|One of my biggest passions as a teacher is continually increasing student engagement in my classroom. If my kids are engaged and the content is meaningful, they’re going to learn. As a side bonus, engaged students are also less likely to act out or become behavioral problems because they want to be there (gasp!) and they want to participate (double gasp!).
I’ve discovered over the years that it really doesn’t take much to immediately increase student engagement. So today I’ve got 3 of my easiest and best tips for increasing student engagement in your classroom (without a lot of prep!). Let’s dive right in!
1. Add opportunities for students to have mini discussions. This can be done with literally anything you’re doing in your classroom, but I especially think it’s needed when lecturing or giving directions. Because here’s the thing: their minds wander when you talk too long. It’s not because you’re boring, trust me. Everyone’s mind wanders. I lose focus after like 10 minutes of information in PD and I’m an adult! So every couple of slides, ask students a question or to repeat a definition or quiz them on the spot. This allows students to have a quick break AND process what you’ve said. The best news? These quick discussions can be planned ahead of time or created in the moment. I also have my kids summarize directions to a neighbor before starting on the task. This saves me so much frustration, it’s not even funny.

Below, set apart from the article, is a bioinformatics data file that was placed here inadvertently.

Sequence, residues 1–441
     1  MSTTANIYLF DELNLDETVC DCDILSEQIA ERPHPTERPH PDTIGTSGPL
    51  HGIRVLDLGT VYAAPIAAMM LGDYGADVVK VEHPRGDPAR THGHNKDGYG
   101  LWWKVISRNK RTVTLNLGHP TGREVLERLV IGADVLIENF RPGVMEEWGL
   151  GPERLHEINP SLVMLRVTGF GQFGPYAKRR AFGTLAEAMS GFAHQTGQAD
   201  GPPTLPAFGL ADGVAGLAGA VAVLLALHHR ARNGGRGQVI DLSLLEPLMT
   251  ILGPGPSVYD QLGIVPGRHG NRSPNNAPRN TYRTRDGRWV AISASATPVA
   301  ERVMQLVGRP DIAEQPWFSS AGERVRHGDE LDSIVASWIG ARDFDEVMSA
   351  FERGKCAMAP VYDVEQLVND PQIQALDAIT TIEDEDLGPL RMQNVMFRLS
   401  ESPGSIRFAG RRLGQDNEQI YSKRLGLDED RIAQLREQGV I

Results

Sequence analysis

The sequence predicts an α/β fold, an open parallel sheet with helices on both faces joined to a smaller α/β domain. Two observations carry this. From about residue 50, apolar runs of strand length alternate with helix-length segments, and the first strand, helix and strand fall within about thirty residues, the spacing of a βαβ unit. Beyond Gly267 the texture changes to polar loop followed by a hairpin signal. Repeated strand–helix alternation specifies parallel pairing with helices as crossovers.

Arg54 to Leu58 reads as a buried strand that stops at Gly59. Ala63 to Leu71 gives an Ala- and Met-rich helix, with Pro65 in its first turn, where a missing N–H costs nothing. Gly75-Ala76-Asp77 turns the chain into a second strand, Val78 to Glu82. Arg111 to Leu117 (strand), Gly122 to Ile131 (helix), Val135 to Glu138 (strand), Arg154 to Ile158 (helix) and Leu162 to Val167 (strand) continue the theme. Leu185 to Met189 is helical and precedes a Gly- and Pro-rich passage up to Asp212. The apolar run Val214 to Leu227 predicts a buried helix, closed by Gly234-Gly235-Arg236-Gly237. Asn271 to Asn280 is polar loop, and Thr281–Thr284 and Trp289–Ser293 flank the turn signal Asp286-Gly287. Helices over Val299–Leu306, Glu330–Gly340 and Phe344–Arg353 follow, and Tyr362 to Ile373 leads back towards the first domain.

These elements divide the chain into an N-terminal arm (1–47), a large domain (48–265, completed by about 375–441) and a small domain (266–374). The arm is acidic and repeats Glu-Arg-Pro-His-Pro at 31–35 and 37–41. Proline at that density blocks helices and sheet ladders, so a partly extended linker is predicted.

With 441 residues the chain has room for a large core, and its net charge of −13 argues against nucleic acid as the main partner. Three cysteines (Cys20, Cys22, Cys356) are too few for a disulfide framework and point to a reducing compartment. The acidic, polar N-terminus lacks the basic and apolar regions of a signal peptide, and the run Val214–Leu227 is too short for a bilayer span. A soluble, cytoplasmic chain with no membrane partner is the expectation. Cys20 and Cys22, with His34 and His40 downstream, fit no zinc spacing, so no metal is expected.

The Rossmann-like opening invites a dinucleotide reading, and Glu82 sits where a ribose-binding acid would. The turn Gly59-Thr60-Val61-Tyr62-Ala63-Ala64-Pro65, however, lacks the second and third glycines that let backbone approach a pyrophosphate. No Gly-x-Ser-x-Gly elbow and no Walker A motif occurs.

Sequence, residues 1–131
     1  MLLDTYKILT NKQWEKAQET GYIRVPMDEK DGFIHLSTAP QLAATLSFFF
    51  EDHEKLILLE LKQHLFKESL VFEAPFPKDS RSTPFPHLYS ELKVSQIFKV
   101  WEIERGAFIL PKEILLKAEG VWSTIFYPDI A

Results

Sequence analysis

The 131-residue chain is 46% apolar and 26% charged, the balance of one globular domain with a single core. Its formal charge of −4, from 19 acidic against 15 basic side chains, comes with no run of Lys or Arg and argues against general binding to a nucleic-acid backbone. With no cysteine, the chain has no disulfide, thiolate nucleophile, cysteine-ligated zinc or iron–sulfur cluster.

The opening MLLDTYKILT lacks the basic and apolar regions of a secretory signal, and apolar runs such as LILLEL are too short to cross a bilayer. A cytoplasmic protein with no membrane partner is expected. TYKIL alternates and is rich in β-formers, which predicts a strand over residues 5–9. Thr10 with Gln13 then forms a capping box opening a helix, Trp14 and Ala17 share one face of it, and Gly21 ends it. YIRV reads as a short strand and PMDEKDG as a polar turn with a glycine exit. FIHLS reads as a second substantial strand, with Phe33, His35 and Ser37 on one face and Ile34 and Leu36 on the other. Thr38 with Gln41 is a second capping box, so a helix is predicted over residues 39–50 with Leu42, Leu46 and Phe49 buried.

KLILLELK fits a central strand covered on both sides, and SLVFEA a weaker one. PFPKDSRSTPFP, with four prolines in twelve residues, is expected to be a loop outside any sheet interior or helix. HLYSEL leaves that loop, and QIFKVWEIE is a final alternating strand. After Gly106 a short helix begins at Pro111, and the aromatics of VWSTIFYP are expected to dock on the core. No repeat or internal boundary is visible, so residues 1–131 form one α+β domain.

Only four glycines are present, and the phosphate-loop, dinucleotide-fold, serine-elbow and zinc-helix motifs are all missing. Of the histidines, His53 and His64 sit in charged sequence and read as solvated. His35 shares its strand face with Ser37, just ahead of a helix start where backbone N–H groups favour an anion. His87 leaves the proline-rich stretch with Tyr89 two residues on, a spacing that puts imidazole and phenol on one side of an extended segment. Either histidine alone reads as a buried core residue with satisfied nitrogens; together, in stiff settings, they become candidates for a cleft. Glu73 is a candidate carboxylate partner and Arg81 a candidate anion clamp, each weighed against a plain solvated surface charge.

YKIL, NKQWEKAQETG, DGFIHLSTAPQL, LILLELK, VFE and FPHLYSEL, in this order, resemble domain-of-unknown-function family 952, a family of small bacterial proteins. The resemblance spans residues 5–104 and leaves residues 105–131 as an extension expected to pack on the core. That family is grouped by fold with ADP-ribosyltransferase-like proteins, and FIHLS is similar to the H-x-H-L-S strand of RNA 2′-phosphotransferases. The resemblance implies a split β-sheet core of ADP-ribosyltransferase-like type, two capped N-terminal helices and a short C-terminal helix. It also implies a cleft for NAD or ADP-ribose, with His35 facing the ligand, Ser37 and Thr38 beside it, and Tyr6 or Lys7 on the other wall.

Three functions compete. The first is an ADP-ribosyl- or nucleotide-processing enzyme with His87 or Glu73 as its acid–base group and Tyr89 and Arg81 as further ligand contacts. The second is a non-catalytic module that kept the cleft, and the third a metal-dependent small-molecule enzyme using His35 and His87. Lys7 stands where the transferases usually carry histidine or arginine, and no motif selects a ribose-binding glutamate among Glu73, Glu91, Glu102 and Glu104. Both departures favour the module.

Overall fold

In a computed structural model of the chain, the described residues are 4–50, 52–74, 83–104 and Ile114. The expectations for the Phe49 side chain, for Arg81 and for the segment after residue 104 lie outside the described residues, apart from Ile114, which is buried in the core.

2. Utilize call and response. I like to have students fill in the blanks in my sentences when I’m teaching. For example I’ll say something like “this is because all natural resources are called…?” And students will say “land.” They get really used to finishing my sentences- and it makes sure they’re tracking with me. It also tells me if I’ve lost them and need to re-explain a concept!
3. Make it relevant. Friends, this is so, so important! To have an engaging classroom, we must add examples that apply to students’ lives. Or even connect historical concepts to the present, especially with big events happening in the news. If we can make it relevant, we can capture their attention and answer that nagging, age-old question: “why do we need to learn this stuff?” Economics is such an incredible subject in that it’s instantly applicable to students’ lives. For example, in January I taught the concept of incentives. What better way to teach it than ask students what incentives they have used or have been used on them? It’s frequently a pretty funny question to ask because the responses are hilarious. The point is this: make it interesting by making it relevant.
So there you have it, friends! My top tips for quickly increasing student engagement. See you next week!